Open Books, Open Minds: The Great Game of Business

In 1983, Jack Stack led a group of employees to buy-out a division of International Harvester, the Springfield Remanufacturing Company (SRC). But Stack and his associates where not just interested in building another business, but a new kind of business. It would be an employee-owned business, to be sure, and that was rare enough. But Stack wanted more. He wanted employees who had enough business knowledge to run the company themselves. Ownership was not enough; the employees had to be their own bosses. But to do that, they had to have business skills and access to the books. The key, he realized, was open-book management and business education. So the books, all of the books, were open to all of the employee-owners. Going beyond that, he established "The Great Game of Business," a system of informal but continuous education, which raises all employees up and allows all of them to make informed judgments about the course of the business. Of the success of this system, Mr. Stack says, "We've had dozens of employees rise from the shop floor to top management positions, and they're far better qualified than a lot of MBAs I see."

Twenty years ago, the PBS Newshour ran a segment on SRC, and tonight they revisited the company to see how they were weathering the current economic storms. It is worth seeing this segment:

What Jack Stack and his colleagues are giving us is a practical lesson in The Principle of Gratuitousness, which Pope Benedict identified in his latest encyclical. Far from being a mere platitude, it is a practical principle of business, far more practical than most of what is taught at b-schools. Stack understands that the business is really about the people who are part of it, and to build the business, you must build the people, by ownership, by education, by trusting them to make good decisions.

In this day, when nothing seems to be working, we at the Distributist Review need to be on the lookout for things that do work. And this works. As Jack Stack says:

When you open your books--really open them--you also open your mind, and neither your books nor your mind will be closed again.


Anonymous,  Thursday, April 29, 2010 at 4:38:00 AM CDT  

"It's not only about jobs - it's about opportunity"

What an inspiring story ! Although not structured as a coop, they are probably the closest thing to Mondragon in the US. Thanks for posting this ! I attended one of their introductory webinars recently, and asked them if they knew of any coop's using their methodology. He wasn't sure and and they said they would get back to me with an answer (never did).

Chris Campbell Thursday, April 29, 2010 at 7:25:00 AM CDT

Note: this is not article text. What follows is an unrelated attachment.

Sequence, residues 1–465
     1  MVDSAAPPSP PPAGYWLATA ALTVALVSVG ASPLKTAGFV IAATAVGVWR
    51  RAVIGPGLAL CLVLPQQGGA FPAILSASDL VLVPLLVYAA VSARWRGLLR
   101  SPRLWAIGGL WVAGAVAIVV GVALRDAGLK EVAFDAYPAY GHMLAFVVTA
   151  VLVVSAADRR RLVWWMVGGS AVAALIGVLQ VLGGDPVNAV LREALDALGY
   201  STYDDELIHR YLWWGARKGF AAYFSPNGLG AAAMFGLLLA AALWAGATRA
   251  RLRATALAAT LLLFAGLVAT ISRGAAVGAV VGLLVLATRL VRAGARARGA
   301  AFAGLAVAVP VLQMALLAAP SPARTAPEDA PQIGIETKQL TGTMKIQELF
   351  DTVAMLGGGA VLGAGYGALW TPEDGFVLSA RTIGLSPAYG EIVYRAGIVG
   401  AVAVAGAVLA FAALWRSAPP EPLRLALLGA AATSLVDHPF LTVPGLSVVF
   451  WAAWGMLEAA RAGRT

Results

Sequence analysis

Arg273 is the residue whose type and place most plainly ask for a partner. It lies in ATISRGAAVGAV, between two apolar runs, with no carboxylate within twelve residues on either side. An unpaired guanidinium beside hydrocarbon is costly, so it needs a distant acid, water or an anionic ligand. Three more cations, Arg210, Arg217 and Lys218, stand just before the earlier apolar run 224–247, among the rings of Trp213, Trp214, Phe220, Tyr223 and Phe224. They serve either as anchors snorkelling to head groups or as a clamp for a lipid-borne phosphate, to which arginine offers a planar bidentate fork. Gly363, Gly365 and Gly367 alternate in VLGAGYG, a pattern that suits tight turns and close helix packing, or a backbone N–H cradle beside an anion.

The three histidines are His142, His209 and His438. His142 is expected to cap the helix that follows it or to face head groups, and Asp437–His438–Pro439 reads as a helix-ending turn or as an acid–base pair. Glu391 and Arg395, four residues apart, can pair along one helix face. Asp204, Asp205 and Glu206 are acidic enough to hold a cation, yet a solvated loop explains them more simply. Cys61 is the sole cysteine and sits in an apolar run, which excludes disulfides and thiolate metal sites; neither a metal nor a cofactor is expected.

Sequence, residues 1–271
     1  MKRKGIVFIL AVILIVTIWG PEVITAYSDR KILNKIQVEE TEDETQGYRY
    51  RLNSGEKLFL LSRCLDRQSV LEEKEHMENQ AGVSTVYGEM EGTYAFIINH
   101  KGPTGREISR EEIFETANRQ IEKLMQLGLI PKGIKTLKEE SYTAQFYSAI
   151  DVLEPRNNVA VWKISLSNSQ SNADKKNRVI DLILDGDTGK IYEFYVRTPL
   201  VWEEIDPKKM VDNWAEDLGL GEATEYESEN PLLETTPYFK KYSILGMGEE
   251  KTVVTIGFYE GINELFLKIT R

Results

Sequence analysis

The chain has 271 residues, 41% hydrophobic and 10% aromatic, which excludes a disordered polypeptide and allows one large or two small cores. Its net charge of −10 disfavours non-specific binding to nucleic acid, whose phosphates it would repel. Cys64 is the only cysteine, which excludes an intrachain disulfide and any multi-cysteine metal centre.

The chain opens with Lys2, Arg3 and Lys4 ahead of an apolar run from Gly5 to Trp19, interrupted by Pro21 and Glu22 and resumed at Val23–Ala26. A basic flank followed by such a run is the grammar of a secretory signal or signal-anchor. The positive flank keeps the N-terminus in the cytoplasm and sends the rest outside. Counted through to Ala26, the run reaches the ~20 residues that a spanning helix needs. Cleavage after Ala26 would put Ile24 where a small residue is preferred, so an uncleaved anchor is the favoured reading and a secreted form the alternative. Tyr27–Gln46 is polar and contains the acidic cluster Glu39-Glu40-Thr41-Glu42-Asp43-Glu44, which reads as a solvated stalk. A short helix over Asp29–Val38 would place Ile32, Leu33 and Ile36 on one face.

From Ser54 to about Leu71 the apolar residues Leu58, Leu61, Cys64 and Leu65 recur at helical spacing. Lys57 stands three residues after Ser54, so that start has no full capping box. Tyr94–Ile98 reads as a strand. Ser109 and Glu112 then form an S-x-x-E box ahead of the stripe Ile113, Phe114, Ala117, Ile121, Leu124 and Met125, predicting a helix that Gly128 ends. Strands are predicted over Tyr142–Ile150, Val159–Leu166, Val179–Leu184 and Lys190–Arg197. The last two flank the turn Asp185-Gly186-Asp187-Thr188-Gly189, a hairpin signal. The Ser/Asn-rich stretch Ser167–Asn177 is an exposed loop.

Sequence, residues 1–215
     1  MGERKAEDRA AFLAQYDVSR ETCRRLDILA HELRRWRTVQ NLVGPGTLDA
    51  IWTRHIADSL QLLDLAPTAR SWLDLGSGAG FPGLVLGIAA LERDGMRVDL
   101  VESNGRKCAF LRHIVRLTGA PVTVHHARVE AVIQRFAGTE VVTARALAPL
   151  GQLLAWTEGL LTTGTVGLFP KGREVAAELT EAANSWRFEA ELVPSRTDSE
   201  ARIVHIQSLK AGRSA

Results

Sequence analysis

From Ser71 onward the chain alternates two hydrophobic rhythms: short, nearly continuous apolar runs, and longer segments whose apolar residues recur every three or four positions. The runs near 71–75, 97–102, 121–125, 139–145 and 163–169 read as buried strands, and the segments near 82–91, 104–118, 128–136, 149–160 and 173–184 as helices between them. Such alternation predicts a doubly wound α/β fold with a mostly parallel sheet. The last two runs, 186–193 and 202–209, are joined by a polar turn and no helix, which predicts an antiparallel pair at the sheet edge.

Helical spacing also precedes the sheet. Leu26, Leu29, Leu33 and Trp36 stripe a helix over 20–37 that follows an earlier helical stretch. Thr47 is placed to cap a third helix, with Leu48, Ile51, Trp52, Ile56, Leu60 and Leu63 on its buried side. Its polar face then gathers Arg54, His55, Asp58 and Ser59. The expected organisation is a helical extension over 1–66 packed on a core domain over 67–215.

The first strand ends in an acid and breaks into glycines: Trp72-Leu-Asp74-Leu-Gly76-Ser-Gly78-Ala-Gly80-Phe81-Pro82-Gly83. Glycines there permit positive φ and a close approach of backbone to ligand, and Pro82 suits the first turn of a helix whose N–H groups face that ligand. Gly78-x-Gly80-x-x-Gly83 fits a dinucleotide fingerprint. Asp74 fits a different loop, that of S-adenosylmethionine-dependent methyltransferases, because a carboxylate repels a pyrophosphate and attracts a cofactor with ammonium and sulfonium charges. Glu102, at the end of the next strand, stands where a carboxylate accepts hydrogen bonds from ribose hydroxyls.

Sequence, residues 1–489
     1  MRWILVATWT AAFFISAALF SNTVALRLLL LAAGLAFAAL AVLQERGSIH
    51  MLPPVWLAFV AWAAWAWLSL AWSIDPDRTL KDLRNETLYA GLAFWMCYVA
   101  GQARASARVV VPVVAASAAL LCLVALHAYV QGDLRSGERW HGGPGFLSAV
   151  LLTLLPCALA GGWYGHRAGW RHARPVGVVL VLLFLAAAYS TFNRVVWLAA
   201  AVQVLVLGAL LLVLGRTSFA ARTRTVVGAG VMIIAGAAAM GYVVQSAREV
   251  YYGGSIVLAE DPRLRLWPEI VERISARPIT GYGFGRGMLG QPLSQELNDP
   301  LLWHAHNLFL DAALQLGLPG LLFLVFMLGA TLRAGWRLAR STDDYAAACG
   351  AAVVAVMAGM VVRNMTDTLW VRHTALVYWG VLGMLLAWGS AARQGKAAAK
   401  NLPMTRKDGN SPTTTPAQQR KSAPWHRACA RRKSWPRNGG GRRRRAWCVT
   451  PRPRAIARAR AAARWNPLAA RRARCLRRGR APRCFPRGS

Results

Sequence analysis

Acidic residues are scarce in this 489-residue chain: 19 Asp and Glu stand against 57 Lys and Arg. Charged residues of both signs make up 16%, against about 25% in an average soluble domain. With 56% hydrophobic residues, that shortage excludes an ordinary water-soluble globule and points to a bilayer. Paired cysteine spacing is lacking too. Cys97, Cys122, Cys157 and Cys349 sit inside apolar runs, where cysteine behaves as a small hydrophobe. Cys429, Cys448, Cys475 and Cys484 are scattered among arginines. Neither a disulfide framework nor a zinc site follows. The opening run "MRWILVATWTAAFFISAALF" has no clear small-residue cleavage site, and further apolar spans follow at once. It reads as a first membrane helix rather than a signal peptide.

well said an thanks for agreat quote, via Stack.....

will have to watch video when I get home from wage slave job

Anonymous,  Thursday, April 29, 2010 at 1:26:00 PM CDT  

There's another great clip from this segment - maybe John can embed it in the post

Making Use of Employees' Talents

Doug Chappell,  Thursday, April 29, 2010 at 3:13:00 PM CDT  

Thanks for something positive. Notice (like Mondragon) they didn't loose jobs in the downturn. People will sacrafice for something they understand and feel a part of.

Now, if only Fox or one of the major networks would feature this instead of PBS.

Mr. Piccolo,  Thursday, April 29, 2010 at 6:04:00 PM CDT  

Great post. I think an interesting topic for a future post on this blog would be the phenomenon of deskilling. As I have heard it described (I could very well be wrong here), deskilling is the process by which management centralizes all decision making power and knowledge of the work process in their own hands, leaving workers as mere cogs in an faceless industrial machine.

This topic intrigues me because distributism and similar ideas seem to counter the argument made by both capitalists and state socialists that working people are too dumb and/or lazy to run things themselves, and need constant supervision and stressful management to get them to do anything.

Jared Q. Tomanek Saturday, May 1, 2010 at 7:32:00 AM CDT  

Thanks for the link, I posted it to my facebook. In leadership studies, this seems to be catching on, however, the problem is that many leaders see the positives and try to implement them without giving ownership and profit-sharing. I do not know if it is possible for an employee to act like owners when in fact they are not.

Premodern Bloke Monday, May 3, 2010 at 8:54:00 AM CDT  


I am looking for an article that was posted either here or at Chester-Belloc.It discussed the nature of large capitalistic corporations and how they are actually socialistic, lacking personal ownership, and accountability.

Any help would be appreciated.

John Médaille Monday, May 3, 2010 at 9:17:00 AM CDT  

Jeff, This might be what you are talking about:

Chris Campbell Tuesday, May 4, 2010 at 9:28:00 AM CDT  

Interestingly, my mother still clings to the ANglo-Saxon wasp ideas at times, she stated recently that the unions have basically caused the loss of jobs, they did it to themselves.

Now true, many unions exist just to exist and provide money and pwoer to a few, but unions in themselves are not evil and a result of highly structured businessness where a man feels no connection to a business and feels powerless to do anything about it.

Unions in principle are not evil, but most corporations as they exist today are.

We see a real disconnect in thinking and that is why Fox News,etc would not have this on their programs, Straw is not lining their pockets and maintaining the status quo of corporate America, in bed with the Govt and major media....

hats off to PBS in this instance at least!

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